//Week in review - 27 Mar 2020
AusCERT Week in Review for 27th March 2020
Hoping this lands in your inbox while you’re reading it in the comfort of your home office.
A reminder that we are here for you; it is business as usual for our team, and our member incident hotline continues to operate 24/7 in these extraordinary times. Details can be found on our website by logging in to our member portal.
In other news this week, we wanted to let you know that on Monday 20th April 2020, members will be able to manage all relevant email addresses that are linked to your organisation’s bulletins subscription through our member portal.
To find out if any of your email addresses are going to be affected, please see below:
a) If you currently receive our AusCERT Bulletins with the acronym “AMPBE” in the email subject line, then you/your organisation is not affected.
b) If the above acronym is missing, then be prepared to see it included in the subject line from Monday 20th April 2020 onwards. You will then be able to see that email address though the member portal in the Bulletins subscription section, when logged in as a privileged user.
Be sure to check your email filters if you fall into category b). Feel free to reach out to us via email@example.com should you require further assistance or clarification.
Windows code-execution zero-day is under active exploit, Microsoft warns
Author: Ars Technica
Attackers are actively exploiting a Windows zero-day vulnerability that can execute malicious code on fully updated systems, Microsoft warned on Monday.
The font-parsing remote code-execution vulnerability is being used in “limited targeted attacks,” the software maker said in an advisory published on Monday morning. The security flaw exists in the Adobe Type Manager Library, a Windows DLL file that a wide variety of apps use to manage and render fonts available from Adobe Systems. The vulnerability consists of two code-execution flaws that can be triggered by the improper handling of maliciously crafted master fonts in the Adobe Type 1 Postscript format. Attackers can exploit them by convincing a target to open a booby-trapped document or viewing it in the Windows preview pane.
[AusCERT published this alert the same day in ASB-2020.0066.]
Hackers Hijack Routers’ DNS to Spread Malicious COVID-19 Apps
Author: Bleeping Computer
A new cyber attack is hijacking router’s DNS settings so that web browsers display alerts for a fake COVID-19 information app from the World Health Organization that is the Oski information-stealing malware.
For the past five days, people have been reporting their web browser would open on its own and display a message prompting them to download a ‘COVID-19 Inform App’ that was allegedly from the World Health Organization (WHO).
After further research, it was determined that these alerts were being caused by an attack that changed the DNS servers configured on their home D-Link or Linksys routers to use DNS servers operated by the attackers.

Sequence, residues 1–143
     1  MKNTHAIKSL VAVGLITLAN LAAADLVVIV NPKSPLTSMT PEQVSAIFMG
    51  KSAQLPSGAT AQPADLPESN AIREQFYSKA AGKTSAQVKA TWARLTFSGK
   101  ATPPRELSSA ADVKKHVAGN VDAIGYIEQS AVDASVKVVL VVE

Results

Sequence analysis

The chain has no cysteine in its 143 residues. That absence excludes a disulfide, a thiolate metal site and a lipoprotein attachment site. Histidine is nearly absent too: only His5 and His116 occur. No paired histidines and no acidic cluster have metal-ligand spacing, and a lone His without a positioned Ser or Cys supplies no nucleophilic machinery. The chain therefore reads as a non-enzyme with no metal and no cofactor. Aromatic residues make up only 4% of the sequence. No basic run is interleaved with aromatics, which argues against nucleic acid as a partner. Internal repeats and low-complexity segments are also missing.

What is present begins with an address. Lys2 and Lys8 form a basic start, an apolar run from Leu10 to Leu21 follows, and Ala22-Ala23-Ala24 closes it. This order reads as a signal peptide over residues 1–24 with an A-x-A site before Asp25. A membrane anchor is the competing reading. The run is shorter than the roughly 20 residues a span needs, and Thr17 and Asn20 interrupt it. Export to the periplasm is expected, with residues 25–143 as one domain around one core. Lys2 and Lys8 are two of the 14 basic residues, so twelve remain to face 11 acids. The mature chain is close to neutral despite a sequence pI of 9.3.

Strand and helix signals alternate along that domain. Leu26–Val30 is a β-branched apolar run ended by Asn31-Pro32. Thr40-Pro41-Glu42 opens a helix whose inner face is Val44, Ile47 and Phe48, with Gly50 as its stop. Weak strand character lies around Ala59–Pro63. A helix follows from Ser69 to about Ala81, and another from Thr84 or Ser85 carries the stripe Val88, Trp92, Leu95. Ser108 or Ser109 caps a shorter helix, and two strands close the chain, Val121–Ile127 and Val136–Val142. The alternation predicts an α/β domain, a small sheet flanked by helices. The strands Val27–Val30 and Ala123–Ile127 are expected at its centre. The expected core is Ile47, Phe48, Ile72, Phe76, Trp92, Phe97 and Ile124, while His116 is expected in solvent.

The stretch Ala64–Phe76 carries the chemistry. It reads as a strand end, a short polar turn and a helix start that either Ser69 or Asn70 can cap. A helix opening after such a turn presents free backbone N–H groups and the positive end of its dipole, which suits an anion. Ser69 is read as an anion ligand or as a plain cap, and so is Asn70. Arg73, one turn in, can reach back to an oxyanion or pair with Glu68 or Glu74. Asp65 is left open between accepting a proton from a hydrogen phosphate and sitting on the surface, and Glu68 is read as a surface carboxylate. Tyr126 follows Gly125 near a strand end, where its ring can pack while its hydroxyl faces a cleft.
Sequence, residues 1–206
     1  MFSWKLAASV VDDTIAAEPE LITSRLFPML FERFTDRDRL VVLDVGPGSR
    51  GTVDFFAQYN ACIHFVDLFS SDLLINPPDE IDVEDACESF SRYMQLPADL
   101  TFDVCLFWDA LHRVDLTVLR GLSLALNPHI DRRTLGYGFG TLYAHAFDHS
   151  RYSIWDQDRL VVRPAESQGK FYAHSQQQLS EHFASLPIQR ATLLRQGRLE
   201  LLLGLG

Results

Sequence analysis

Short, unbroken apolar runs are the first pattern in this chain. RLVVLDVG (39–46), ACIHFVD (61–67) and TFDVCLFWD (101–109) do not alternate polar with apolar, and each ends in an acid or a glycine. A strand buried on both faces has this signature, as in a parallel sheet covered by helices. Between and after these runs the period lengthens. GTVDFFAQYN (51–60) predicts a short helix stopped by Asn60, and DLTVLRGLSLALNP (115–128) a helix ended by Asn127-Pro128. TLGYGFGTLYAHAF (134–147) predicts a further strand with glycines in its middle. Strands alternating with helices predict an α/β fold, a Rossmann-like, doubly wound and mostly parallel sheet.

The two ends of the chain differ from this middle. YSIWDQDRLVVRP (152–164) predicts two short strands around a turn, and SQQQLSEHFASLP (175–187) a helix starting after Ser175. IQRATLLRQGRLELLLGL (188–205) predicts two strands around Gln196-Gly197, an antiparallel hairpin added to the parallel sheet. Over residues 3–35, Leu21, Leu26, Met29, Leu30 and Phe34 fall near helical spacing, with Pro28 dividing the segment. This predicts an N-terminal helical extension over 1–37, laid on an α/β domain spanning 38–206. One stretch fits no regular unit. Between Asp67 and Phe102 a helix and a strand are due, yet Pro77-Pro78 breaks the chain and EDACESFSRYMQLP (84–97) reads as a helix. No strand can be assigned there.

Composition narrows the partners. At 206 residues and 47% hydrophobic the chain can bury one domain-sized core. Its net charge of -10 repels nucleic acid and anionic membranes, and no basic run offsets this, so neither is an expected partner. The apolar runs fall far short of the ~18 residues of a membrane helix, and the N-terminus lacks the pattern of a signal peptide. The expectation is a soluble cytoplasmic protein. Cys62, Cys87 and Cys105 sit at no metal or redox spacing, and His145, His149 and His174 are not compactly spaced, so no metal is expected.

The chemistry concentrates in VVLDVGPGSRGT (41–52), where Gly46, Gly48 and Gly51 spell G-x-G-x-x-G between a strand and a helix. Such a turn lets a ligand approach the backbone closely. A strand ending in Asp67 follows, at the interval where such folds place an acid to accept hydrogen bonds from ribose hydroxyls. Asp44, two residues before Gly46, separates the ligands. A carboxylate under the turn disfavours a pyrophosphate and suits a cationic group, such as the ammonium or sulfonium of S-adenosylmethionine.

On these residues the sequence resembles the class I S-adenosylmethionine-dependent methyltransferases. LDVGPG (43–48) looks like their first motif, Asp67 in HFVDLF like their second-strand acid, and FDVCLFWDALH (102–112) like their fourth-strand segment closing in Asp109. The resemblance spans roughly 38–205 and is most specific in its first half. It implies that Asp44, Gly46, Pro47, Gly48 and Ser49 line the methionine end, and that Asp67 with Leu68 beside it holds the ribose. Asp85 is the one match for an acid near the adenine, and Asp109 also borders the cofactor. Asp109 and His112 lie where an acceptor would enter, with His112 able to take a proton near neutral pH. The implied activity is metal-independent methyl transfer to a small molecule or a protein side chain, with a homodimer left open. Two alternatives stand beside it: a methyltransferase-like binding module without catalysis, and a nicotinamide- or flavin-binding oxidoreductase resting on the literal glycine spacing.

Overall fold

Cybercrime and Social Engineering Threats – COVID-19
Author: Brian Hay
Criminals thrive during tough fiscal times because they’re adept and skilled at exploiting people’s emotions who desire a better life, wish for better times, or are seeking a solution to the troubles they’re currently facing.
They know how to take advantage of the confusion, the breakdown of “normal” procedures, the proliferation of “misinformation” and they also understand the hunger for people to know more about what is going on – so more people are likely to click on a link to find out the latest “news”. Appealing to people’s sense of curiosity is a powerful weapon and it is a difficult behavioural pattern for many of us to control.
Three More Ransomware Families Create Sites to Leak Stolen Data
Three more ransomware families have created sites that are being used to leak the stolen data of non-paying victims and further illustrates why all ransomware attacks must be considered data breaches.
Ever since Maze created their “news” site to publish stolen data of their victims who choose not to pay, other ransomware actors such as Sodinokibi/REvil, Nemty, and DoppelPaymer have been swift to follow.
Minister backflips on myGov DDoS attack claim
Author: iT News
Government services minister Stuart Robert has quickly walked back his claim that the online services portal myGov suffered a “significant distributed-denial-of-service attack”.
A critical vulnerability in Windows’ font handling was announced out of the usual cycle. At time of writing, no fix is available, and versions of Windows below 10 are strongly recommended to configure the provided mitigations.
Apple released multiple security updates this week, including some spicy-looking vulnerabilities in macOS.
Adobe called this critical; users opening a crafted file could find other files deleted.
Stay safe, stay patched and have a good weekend!